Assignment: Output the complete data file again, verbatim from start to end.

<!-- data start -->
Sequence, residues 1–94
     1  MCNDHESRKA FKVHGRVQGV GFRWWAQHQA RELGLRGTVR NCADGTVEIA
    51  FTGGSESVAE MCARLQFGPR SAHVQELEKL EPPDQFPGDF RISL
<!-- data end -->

Sequence, residues 1–94
     1  MCNDHESRKA FKVHGRVQGV GFRWWAQHQA RELGLRGTVR NCADGTVEIA
    51  FTGGSESVAE MCARLQFGPR SAHVQELEKL EPPDQFPGDF RISL